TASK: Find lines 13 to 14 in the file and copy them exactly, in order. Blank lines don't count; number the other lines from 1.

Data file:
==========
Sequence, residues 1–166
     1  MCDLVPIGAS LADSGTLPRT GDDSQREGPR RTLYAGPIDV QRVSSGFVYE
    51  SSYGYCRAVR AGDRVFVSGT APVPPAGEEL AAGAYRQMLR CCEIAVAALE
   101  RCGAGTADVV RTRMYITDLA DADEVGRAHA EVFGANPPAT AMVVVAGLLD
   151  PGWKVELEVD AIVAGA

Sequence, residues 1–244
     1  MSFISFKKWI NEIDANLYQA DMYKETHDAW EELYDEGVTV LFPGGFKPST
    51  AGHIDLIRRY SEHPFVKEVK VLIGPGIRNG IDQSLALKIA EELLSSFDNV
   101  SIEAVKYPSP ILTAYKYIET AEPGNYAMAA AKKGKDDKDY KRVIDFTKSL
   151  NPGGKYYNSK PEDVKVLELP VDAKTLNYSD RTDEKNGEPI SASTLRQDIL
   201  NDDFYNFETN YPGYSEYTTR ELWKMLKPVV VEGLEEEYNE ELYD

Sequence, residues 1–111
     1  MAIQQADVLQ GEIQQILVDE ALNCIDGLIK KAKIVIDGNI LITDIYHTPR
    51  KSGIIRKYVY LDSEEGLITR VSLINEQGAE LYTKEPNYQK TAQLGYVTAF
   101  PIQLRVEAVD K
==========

     1  MAIQQADVLQ GEIQQILVDE ALNCIDGLIK KAKIVIDGNI LITDIYHTPR
    51  KSGIIRKYVY LDSEEGLITR VSLINEQGAE LYTKEPNYQK TAQLGYVTAF